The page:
Eagle Forum Legislative Alerts

Monday, November 10, 2014

“Best Interest” Rules Against Homeschooling

I’ve talked in these radio commentaries about the legal phrase “best interest of the child.” That’s a broad term used by family court judges to impose almost any ruling they want on the children of divorcing couples. A recent blog post by law professor Eugene Volokh highlights some recent court decisions that prove how arbitrary family court rulings can be.

Eugene Volokh cites several cases that involve homeschooling. As judges decide which parent gets custody in divorce cases, some judges let their own opinions on homeschooling guide the outcome. A judge in North Carolina required one mother to enroll her children in public school “in the interests of the children being well rounded.” The New Hampshire Supreme Court issued a similar ruling, saying that a lower court judge could require a child to go to public school even if there were nothing wrong with her homeschooling education. Another judge ridiculed a homeschooling parent, saying she was educating her girls “for the Fifteenth Century, not the Twenty-First Century.”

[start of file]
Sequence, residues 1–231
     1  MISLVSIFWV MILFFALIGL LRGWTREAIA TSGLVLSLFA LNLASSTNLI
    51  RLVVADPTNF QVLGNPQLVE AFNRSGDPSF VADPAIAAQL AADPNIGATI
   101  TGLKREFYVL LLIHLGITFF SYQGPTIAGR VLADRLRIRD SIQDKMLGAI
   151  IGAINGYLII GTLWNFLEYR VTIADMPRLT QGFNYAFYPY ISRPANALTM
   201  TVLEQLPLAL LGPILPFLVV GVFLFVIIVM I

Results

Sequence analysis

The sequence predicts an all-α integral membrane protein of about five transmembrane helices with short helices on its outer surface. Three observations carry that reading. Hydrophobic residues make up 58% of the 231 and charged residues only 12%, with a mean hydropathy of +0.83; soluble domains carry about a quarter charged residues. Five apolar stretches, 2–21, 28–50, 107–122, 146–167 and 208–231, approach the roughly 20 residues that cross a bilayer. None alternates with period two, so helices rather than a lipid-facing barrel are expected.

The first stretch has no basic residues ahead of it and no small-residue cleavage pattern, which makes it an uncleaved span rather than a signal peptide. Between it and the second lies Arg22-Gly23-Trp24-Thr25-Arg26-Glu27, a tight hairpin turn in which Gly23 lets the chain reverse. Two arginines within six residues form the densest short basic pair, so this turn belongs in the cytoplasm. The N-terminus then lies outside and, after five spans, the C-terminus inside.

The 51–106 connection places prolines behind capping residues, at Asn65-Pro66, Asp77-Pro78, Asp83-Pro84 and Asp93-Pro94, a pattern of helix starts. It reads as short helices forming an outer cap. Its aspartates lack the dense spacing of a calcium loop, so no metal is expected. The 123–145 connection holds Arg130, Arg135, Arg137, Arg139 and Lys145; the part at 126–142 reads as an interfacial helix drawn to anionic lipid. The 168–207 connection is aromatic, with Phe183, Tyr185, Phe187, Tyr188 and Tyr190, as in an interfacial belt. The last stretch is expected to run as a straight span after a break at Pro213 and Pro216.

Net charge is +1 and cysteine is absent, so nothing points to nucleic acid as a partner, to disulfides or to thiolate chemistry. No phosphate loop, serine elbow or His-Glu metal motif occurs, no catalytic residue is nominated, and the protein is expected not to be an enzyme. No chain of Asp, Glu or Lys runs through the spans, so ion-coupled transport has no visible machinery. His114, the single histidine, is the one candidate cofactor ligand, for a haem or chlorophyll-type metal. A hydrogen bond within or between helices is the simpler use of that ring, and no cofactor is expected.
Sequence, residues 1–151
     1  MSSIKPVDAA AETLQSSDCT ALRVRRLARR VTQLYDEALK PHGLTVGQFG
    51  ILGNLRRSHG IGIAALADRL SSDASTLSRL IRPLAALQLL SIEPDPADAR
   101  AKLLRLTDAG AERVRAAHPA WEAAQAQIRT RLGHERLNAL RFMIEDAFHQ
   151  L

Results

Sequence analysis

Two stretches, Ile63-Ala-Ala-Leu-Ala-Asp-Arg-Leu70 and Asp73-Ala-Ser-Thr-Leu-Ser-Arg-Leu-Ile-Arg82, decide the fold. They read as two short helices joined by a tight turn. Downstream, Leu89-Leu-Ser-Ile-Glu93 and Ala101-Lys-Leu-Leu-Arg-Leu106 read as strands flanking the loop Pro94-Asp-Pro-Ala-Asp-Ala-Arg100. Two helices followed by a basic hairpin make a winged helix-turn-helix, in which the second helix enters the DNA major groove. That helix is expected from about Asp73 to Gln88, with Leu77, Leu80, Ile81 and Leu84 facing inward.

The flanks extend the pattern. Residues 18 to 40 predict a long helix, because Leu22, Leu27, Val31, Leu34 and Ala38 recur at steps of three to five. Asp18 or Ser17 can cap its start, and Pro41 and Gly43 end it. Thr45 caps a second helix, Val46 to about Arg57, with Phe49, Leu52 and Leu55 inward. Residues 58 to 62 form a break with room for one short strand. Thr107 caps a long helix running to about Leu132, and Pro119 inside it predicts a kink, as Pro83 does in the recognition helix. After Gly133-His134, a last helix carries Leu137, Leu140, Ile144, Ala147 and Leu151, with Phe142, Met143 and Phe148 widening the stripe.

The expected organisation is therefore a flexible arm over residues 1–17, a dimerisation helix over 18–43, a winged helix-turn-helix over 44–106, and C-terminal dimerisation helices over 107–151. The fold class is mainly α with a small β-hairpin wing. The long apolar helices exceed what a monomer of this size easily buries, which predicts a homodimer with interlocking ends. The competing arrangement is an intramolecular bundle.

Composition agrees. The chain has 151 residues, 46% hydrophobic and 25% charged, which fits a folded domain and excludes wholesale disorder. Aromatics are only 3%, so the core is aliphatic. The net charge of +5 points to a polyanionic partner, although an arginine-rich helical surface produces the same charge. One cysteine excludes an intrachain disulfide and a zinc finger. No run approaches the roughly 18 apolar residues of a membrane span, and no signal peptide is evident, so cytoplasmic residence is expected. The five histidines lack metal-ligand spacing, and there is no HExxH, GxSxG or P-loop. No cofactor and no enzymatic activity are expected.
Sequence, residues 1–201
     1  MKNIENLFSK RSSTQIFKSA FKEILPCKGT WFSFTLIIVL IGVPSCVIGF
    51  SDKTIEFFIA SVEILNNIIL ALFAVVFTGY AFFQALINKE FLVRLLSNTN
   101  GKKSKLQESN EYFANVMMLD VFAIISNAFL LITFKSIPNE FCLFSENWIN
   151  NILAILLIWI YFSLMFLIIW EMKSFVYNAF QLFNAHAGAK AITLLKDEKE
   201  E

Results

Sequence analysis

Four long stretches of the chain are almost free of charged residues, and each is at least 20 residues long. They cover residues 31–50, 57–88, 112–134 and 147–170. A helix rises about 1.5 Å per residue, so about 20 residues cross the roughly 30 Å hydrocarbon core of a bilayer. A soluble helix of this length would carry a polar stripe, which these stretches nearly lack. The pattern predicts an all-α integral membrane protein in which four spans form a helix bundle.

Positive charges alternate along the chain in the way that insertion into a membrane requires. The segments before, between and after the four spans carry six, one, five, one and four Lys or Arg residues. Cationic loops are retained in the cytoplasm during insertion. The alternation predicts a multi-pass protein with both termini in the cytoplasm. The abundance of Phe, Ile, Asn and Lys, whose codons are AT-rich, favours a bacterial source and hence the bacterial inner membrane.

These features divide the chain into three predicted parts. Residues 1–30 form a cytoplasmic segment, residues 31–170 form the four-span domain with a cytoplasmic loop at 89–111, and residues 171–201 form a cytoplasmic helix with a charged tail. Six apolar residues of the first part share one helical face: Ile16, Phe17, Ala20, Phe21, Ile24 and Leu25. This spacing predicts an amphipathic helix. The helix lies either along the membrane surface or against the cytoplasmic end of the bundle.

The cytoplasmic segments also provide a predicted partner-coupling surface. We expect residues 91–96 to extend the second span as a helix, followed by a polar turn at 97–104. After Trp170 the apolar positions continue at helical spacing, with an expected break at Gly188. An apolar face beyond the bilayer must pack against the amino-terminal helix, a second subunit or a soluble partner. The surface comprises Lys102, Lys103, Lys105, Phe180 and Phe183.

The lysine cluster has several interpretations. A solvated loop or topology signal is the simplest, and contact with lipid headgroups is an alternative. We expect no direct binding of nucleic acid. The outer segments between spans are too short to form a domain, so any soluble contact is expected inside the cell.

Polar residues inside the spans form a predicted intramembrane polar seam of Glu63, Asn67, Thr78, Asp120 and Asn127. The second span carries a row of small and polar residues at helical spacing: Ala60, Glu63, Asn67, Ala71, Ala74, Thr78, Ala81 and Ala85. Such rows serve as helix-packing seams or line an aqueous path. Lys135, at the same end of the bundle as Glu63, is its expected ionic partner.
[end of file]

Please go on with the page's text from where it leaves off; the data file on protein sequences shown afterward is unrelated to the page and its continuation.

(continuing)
In all of those cases, judges ruled on how children should be educated based on their judges’ own personal preference. They do not cite facts or evidence that a child is hurt by homeschooling. Mixed in with some of these opinions is a hostility towards the values that the children were learning at home. Judges say they want children to attend public school so they can benefit from diverse viewpoints, but it’s easy to imagine plenty of diverse viewpoints that parents don’t want their children to learn.

The “best interest of the child” came from English law and was our rule for centuries. It clearly meant that a childs’ own parents had the right to decide what action is in the best interest of their own children. This right was stolen from parents by family court judges, and should be restored to parents.

Listen to the radio commentary here:

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